Fiorentina back where they belong
© AFP

Having survived bankruptcy in 2002, Fiorentina have made quite a comeback and currently sit third in the Italian league. What is more, they have achieved their success by playing attractive attacking football - a rare currency in the modern game.

Former UEFA President and FIFA Vice-President Artemio Franchi, an emblematic figure of Florentine football who was killed in a road accident in 1983, would have approved of the new image that "his" Fiorentina has taken on. Their motto seems to be: "attractive football at all costs, victory if at all possible".

A few years ago, Fiorentina had all but been wiped off the map. The club had to be disbanded in 2002 due to bankruptcy and forced to start afresh down in Serie C 2 - the Italian fourth division. Despite having been an integral part of the calcio for many a year, the famous club in violet was in dire straits, with no-one ready to wager more than a lira or two on their survival, let alone re-emergence.

Then along came the Della Valle brothers. Diego, a shoe magnate, and Andrea, the current club chairman, decided to take up the cudgels. Their first move was to bring in legendary coach Cesare Prandelli.

In a business where results are the only thing that matters, Prandelli laid down his two conditions: the backing of the board and the support of the players. And off he set to return the Viola to the dizzy heights they had known in the glory days of Gabriel Batistuta, he of the 206 goals and the statue outside the stadium.

Keep it simple
Prandelli's recipe for success was a simple one: a fluid 4-3-3 formation capable of snuffing out opposing play by flooding the midfield then sending men forward to support the attack. The result has been spectacular flowing football which has delighted the players themselves as well as the supporters and pundits.

The league table does not lie, and Fiorentina are currently one of only two unbeaten teams so far this season (Inter Milan being the other) with a record of four wins and five draws - enough to see them ahead of Juventus on goal difference in third place.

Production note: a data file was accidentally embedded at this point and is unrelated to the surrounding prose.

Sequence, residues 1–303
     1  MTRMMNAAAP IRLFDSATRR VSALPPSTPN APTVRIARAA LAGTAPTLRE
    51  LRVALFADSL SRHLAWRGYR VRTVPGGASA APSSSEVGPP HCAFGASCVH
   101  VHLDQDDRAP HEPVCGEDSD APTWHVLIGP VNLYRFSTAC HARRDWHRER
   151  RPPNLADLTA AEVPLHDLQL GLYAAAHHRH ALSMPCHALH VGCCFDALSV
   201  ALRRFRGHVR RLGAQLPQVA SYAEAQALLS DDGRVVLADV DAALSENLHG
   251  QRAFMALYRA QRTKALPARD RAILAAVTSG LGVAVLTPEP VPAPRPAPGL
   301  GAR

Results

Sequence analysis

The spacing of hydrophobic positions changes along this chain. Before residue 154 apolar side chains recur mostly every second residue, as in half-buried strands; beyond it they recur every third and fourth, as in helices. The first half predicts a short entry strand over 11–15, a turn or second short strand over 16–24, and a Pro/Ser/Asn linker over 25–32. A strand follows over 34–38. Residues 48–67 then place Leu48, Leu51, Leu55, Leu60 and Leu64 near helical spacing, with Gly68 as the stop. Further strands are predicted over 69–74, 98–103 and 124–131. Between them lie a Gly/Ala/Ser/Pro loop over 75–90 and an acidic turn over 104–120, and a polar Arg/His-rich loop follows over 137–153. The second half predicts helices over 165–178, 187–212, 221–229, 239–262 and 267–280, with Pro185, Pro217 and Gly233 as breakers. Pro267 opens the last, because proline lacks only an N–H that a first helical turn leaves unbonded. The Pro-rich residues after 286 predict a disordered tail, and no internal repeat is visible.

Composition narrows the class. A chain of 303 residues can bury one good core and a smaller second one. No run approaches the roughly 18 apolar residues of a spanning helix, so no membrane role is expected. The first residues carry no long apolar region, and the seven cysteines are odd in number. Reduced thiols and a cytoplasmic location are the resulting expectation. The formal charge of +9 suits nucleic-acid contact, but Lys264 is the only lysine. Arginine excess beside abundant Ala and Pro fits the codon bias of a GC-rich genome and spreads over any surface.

Not that Prandelli has let this success go to his head. "We're not outsiders for the title," said the coach in an attempt to put a lid on the growing enthusiasm among the tifosi. "The big guns like Roma, AC Milan and Lazio will find form sooner or later. We need to carry on playing our football, even if the going gets tough. We still need to improve and see what we can do in Europe."

The Fiorentina board have shown good sense - both footballing and financial - in building their new team. Things may have looked bleak last May when Luca Toni headed north to Bayern Munich, but Prandelli brought in two players with something to prove as replacements. Christian Vieri, at the grand old age of 34, was something of a forgotten man on the Italian football scene, but "Bobo" has had a new lease of life in the purple jersey, even going so far as to proclaim that: "as far as playing for Italy again is concerned, it's all down to me. I just need to play consistently well."

Mutu among the goals
Next up was Adrian Mutu, who touched down in Florence a year ago after stints with Inter, Parma, Chelsea and Juventus. Since then, the Romanian international has been telling anyone who will listen that he is "ready to sign a contract for life at Fiorentina." On the pitch, he has been a revelation. He drops deep to pick up the ball, leaves his markers for dead and happily sets up his team-mates. What is more, he has also been finding the net - to the tune of 16 goals last season and six in eight matches so far this term.

Then there is Gianpaolo Pazzini, the calcio's new golden boy. This lively and technically gifted young attacker wrote his name in the annals by scoring the first ever goal at the new Wembley after a mere 29 seconds when Italy's U-21 team played out a 3-3 draw in a friendly against their English counterparts. "He works hard all week and he sets an example for the rest of the team," said Prandelli. "He gives real depth to our game and is really productive."

Midfielders Franco Semioli (formerly of Chievo) and Ricardo Montolivo (from Atalanta) are another pair of new recruits who are proving their worth at Fiorentina, where they feel that their game has reached the next level. "I feel at home here. The team is making real progress very quickly and I reckon that we'll soon be in the running for some silverware," said newly-capped Italian international Montolivo, who has extended his contract with the club until 2012.

Finally, to provide some stability at the back, Prandelli pulled off a master-stroke in signing French keeper Sebastien Frey, seen by many as the best goalkeeper in Serie A after Gianluigi Buffon. After a frustrating time in the French championship, Frey has enjoyed a rebirth south of the Alps, and is playing a major role in Fiorentina's bid for their third Scudetto since 1969. Even if they do not manage to bag the title, their brand of football will at least have won a host of admirers along the way.